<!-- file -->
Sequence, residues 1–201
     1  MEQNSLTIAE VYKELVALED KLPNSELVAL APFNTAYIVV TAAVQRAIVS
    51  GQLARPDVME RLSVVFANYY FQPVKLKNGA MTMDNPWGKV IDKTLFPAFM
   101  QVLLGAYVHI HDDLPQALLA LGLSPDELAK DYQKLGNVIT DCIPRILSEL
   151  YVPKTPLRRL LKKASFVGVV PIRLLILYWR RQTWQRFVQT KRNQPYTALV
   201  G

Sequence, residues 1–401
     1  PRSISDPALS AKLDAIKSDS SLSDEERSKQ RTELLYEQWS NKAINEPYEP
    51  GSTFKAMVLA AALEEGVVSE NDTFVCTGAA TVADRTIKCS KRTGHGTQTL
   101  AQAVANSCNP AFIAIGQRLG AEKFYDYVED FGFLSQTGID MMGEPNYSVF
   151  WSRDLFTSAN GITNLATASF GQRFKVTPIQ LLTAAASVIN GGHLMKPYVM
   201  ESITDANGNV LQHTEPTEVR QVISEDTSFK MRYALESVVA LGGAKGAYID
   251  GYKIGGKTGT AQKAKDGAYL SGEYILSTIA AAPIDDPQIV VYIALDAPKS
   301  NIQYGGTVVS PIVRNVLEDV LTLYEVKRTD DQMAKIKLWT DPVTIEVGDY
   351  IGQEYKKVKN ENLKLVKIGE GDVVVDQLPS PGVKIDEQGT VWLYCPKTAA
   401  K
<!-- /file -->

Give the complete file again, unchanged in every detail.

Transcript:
Sequence, residues 1–201
     1  MEQNSLTIAE VYKELVALED KLPNSELVAL APFNTAYIVV TAAVQRAIVS
    51  GQLARPDVME RLSVVFANYY FQPVKLKNGA MTMDNPWGKV IDKTLFPAFM
   101  QVLLGAYVHI HDDLPQALLA LGLSPDELAK DYQKLGNVIT DCIPRILSEL
   151  YVPKTPLRRL LKKASFVGVV PIRLLILYWR RQTWQRFVQT KRNQPYTALV
   201  G

Sequence, residues 1–401
     1  PRSISDPALS AKLDAIKSDS SLSDEERSKQ RTELLYEQWS NKAINEPYEP
    51  GSTFKAMVLA AALEEGVVSE NDTFVCTGAA TVADRTIKCS KRTGHGTQTL
   101  AQAVANSCNP AFIAIGQRLG AEKFYDYVED FGFLSQTGID MMGEPNYSVF
   151  WSRDLFTSAN GITNLATASF GQRFKVTPIQ LLTAAASVIN GGHLMKPYVM
   201  ESITDANGNV LQHTEPTEVR QVISEDTSFK MRYALESVVA LGGAKGAYID
   251  GYKIGGKTGT AQKAKDGAYL SGEYILSTIA AAPIDDPQIV VYIALDAPKS
   301  NIQYGGTVVS PIVRNVLEDV LTLYEVKRTD DQMAKIKLWT DPVTIEVGDY
   351  IGQEYKKVKN ENLKLVKIGE GDVVVDQLPS PGVKIDEQGT VWLYCPKTAA
   401  K